Is it too much to expect of our award-winning films in the international festivals to help change the internatiomal image of the Filipina as “fine body-stepping masseus” and “very dependable household helps”?
Will our image begin to change for the better soon, at least in some quarters because our actors have been reaping awards in international film festivals? Would American TV soaps stop mentioning “Philippines” as the best source country of household helps and body-stepping masseuses, and instead begin to refer to Filipinos as “those fine actors who bring home awards from film festivals”?
Long before Jaclyn Jose clinched the best actress award at the recently concluded Cannes International Film Festival, we, Filipinos, were after all, not at all “never heard’s” in the list of award-winning actors in international festivals.
In fact, some Pinoy film directors and scriptwriters have had formal recognition at the Cannes years before Raymond Red and Brillante Mendoza had theirs as directors. Lino Brocka’s Insiang, starring Hilda Koronel, made it to the (unarguably) world’s most prestigious international film festival as early as 1978 (though the film itself was released in the Philippines in 1976). Though Koronel didn’t win acting honors, she etched the image of the Filipina actress as a stunning beauty in the covers of several international magazines. The international star at that time was Farrah Fawcett—but the magazines reportedly ran bigger photos of Koronel shot at the Cannes.
From the ‘70s through the late ‘80s, Brocka’s films and its stars made Cannes followers aware of Filipinos as fine thespians living in a largely impoverished country. Brocka passed away in a car accident on May 22, 1991. Film lovers in the country couldn’t rant about his 25th death anniversary because Jaclyn Jose became the first ever Filipina and Southeast Asian to win best actress at the Cannes.
If you would Google for “Award-winning Filipino actors in international festivals,” you’d find out that outside Cannes, our actors began winning in international film festivals as early as 1995. And the first ever to win an award in an international film festival is our superstar Nora Aunor, and she notched it at Cairo International Film Fest for her performance as a housemaid sent to jail and to death allegedly for killing another servant.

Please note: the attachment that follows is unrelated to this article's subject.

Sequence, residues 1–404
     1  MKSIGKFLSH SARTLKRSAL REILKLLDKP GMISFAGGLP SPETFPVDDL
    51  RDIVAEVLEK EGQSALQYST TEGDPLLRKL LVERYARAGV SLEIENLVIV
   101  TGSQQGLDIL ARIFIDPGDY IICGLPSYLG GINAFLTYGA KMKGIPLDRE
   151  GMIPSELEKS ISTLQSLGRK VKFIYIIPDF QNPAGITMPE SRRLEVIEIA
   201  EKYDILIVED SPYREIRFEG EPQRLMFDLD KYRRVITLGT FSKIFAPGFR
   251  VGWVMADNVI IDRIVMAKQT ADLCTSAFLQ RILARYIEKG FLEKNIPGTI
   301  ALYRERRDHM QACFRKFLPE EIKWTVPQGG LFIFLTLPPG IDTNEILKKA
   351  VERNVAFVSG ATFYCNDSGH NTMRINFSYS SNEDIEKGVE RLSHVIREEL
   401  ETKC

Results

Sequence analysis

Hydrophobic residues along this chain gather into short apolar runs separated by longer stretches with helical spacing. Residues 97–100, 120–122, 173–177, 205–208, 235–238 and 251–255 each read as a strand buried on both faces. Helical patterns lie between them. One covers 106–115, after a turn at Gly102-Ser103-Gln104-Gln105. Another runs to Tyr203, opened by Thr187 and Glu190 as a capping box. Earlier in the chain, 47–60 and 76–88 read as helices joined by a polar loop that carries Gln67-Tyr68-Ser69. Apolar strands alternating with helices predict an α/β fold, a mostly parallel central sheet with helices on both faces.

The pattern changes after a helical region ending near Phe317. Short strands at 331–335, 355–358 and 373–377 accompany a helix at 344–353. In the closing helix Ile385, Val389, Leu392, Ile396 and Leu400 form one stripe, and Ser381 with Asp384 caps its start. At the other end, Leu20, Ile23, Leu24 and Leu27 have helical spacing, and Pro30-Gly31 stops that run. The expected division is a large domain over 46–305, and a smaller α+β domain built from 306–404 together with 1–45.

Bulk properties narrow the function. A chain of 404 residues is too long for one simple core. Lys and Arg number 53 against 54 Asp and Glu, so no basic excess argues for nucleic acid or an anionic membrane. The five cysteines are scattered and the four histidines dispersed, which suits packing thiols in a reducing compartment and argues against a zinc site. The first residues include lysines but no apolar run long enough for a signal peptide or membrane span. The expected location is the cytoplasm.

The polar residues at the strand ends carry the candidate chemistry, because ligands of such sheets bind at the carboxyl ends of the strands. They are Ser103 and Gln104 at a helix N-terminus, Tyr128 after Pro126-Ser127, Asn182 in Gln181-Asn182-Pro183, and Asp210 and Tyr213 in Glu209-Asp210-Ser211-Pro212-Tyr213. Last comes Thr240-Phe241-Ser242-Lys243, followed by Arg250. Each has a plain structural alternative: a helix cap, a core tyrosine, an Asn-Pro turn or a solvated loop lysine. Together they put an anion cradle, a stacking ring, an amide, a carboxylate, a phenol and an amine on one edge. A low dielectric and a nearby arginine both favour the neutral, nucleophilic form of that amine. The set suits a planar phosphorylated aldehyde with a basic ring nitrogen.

Since 1995, about 20 actors have variously won awards in international film festivals and about 40 Filipino films have brought home major and special awards from well-known and little-known international festivals (though the truth is we’ve been winning mostly in the latter).
So why do some foreign scriptwriters seem to still think of us largely as menials and not as lurking fine actors and engaging filmmakers? Or even as a country that produces women who snatch international beauty titles? (Isn’t the reigning Miss Universe a Filipina? And she is not the first ever we have turned out.)
Our award-winning films in the global festivals seem to hardly change our world image as a country of menials because practically all of them tell stories of poverty and deprivation. They are stories of day-to-day struggle to eke out a living in the boondocks and in the congested, cash-strapped cities. They have been lumped as “poornography.”
We may come up with That Thing Called Tadhana or English Only, Please whose characters are middle class and pre-occupied with middle class angst, but would the screening committees of the international festivals accept a film of that kind (and with a happy ending at that) as an entry from a country which was heralded to be “the fastest growing economy” only this year?
It’s possible that our indie filmmakers are willing to make movies about middle class angst since most of them will be familiar with it as most of them come from that socio-economic class—and it is mostly the indie filmmakers who bother to submit their outputs to international festivals. BUT they seem to have been conditioned to believe that films “showing the resiliency of the Filipinos amidst fatal poverty” are the most acceptable to the screening committees and the members of the jury during the actual festival.
Something like “neo-imperialism” seem to be insidiously at work in the international festivals that favor to showcase the poverty and suffering of the citizens of certain nations.
This is not a call for pollyana movies, but more for a variation in the mood and setting of films we send to the global festivals. Sure, the poor, the oppressed, and the depraved have never left us, but there are so many other kinds of characters among us whose angst are worth distilling in films, too.
If our filmmakers can’t help us have a better image as a people, it’s okay. We should turn to other artists, other professionals and experts, and other agents of change for that serious and well-meaning concern.